The situation in Europe is slightly different to the USA, with concerns over liability insurance and en route charges higher up the agenda for manufacturers of very light jets (VLJs).

European operational requirements for personal jets are still being defined by the Joint Aviation Authorities and its successor, the European Aviation Safety Agency. As with those for other aircraft categories before them, European rules are likely to mirror proposals by the US Federal Aviation Administration, possibly with additional equipment mandates. Instead, manufacturers are working to smooth out other potential glitches in introducing a potentially lucrative aircraft class into the European market.

Europe seems to be the perfect market for personal jets, even more so than the USA, as most business is still concentrated in a small part of the continent, and thus the range required is smaller. Eclipse Aviation's vice-president for sales and product support, Mike McConnell, says: "Most US aircraft manufacturers forecast around 30-35% of export sales, but we really see a chance to change that ratio to 50%." Eclipse's second largest order is from Swiss-based air taxi membership scheme Aviace.

One peculiarity in Europe is the application of en route navigational charges only for aircraft with a maximum take-off weight (MTOW) of 2,000kg (4,400lb) or over. Although the arbitrary weight was meant to distinguish between general aviation and business aviation, Eurocontrol says it would cost too much to change the rules for too little gain even if advances in composite technology have made this weight achievable for a business jet. Austria's Diamond Aircraft is pursuing an MTOW of 1,999kg for its D-Jet, with the hope that customers will be convinced by the savings. Eclipse too says it was initially looking at squeezing its Eclipse 500 under 2,000kg before it had to ditch the Williams EJ22 engine for the Pratt & Whitney Canada PW610F turbofan, which is around 400kg heavier.

Route charges payable on an aircraft of 2,000kg for a trip from Farnborough in the UK to Frankfurt in Germany would be €110 ($135), plus sales tax, says Lawrence Kelly, head of the billing section at Eurocontrol's central route charges office. "Although switching to an aircraft below 2,000kg would certainly make some savings for the user, they would not be significant unless you switched from a very much heavier aircraft, something we don't believe will happen on any scale, for a multitude of reasons," he says.

There is a risk, however, that Diamond's engineering may have been for nothing. The sub-2,000kg MTOW is based on an assumed average passenger weight of 85kg in Europe - compared with 105kg in the USA - with the same aircraft likely to be certificated in the USA weighing in at 2,200kg, allowing for officially heavier passengers and extra fuel needed to transport them. There are signs that European regulators may take a look at average passenger weights, at least following the French airworthiness body DGAC's recommendations of an increase to 88kg, but possibly much more.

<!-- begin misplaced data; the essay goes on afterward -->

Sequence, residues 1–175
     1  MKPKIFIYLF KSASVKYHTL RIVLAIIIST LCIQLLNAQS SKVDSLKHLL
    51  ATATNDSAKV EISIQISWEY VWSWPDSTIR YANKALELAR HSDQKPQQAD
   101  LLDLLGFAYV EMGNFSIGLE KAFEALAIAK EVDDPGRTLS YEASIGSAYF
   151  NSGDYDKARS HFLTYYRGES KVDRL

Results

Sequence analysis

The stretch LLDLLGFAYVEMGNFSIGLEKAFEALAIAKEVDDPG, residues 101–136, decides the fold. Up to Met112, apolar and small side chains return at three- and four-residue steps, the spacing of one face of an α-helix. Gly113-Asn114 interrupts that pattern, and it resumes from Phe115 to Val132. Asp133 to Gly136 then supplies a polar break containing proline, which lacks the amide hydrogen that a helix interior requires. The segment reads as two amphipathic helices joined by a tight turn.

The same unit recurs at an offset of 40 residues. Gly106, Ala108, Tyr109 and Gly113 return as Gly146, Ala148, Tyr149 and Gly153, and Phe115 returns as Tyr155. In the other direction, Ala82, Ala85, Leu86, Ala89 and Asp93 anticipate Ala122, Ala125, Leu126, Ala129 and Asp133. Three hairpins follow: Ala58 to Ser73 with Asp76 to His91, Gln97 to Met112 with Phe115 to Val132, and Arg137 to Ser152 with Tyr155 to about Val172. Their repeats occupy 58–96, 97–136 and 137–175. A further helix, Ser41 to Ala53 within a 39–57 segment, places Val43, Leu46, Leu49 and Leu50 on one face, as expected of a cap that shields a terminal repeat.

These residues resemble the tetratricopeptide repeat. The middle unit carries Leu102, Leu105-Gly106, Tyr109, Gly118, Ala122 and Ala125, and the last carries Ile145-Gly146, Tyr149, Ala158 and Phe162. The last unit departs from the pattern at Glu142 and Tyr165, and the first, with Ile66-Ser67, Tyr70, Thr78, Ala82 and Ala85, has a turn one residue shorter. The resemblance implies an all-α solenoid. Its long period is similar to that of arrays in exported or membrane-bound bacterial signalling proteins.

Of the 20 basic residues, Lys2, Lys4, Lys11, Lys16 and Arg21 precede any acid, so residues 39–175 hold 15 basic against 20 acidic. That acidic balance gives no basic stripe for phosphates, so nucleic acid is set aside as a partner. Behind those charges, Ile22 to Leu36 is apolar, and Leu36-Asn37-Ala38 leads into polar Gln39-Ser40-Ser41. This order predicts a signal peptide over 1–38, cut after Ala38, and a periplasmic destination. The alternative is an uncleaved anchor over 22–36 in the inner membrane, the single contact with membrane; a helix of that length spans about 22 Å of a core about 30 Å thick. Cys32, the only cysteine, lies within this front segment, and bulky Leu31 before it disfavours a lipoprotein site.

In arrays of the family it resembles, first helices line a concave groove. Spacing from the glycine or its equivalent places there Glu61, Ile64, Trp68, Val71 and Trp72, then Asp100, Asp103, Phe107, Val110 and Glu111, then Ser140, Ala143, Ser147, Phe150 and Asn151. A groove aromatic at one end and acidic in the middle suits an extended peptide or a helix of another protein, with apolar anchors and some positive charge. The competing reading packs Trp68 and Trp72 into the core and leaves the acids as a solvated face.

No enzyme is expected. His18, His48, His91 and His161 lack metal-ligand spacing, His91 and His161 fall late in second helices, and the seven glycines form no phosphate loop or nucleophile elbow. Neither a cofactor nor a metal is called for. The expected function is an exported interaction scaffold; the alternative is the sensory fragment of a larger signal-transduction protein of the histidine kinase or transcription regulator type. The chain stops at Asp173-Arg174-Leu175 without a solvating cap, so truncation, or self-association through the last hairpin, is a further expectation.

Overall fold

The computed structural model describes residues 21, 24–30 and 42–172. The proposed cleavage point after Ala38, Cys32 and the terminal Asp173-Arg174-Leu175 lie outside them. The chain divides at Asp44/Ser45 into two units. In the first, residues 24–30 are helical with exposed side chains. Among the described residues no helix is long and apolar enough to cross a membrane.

Whereas saving en route navigational charges may be relevant for owner-flyers, Eclipse believes it is ultimately air-taxi fleet operators that will use the new lightweight jets most. For them, there are more pressing concerns than extra charges of a couple of hundred euros. Currently, under JAA operating requirements, all jets require two pilots. For five- and six-seat aircraft, the seat lost to the extra crew member could be crucial to operating costs, says McConnell. However, Eclipse has joined other manufacturers in holding discussions with the JAA to see whether a change in the rules would be considered. Similarly, rules governing the commercial operation of single-engined aircraft could affect the potential of single-jet types such as the D-Jet.

Training will also be an issue in Europe. For very light jets to be competitive with turboprops, training costs need to be reduced. Some VLJs, for example, will have a certificated maximum altitude ceiling of 25,000ft (7,620m), allowing US pilots in with a minimum of 300h of instrument flight rules experience to obtain a type rating with less difficulty than for a high-altitude, fully pressurised jet. It is unclear yet whether Europe's disjointed pilots licensing will be as flexible.

Similarly, insurance could be stumbling block. In the USA Eclipse has a four-year deal with Global Aero insurers to reduce premiums on the Eclipse 500 to a level equivalent to that of a turboprop for pilots having followed the training course.

The company is negotiating with underwriters in London to ensure the same premium is available to European customers, adds McConnell. However, the level of risk is ultimately still decided by national courts in Europe, by precedents set for compensation. The Netherlands, for example, has high pay-outs and there is a fear that the cost of a single European insurance scheme could be pushed higher than necessary.

Diamond for one is investigating fitting ballistic parachutes to reduce insurance costs for owners.

Because it is a new aircraft class with no simulators or training programmes available, Eclipse plans to offer training at its facilities. But since the aircraft will be approved in Europe six months later than in the USA, McConnell says he does not know whether the JAA can approve the training centre before aircraft certification, but he is confident that a solution will be found.

Furthermore, Europe does not yet have an equivalent to FAR Part 135, licensing scheduled use of air taxis for shared owners. For this reason, fractional-ownership programmes in Europe have adopted hybrid block charter or club-style programmes. While not ideal, McConnell says "people are entrepreneurial and they'll always find ways around problems". Like other classes of aircraft that came before it, the vlj will have to feel its way in Europe before finding its feet.


Source: Flight International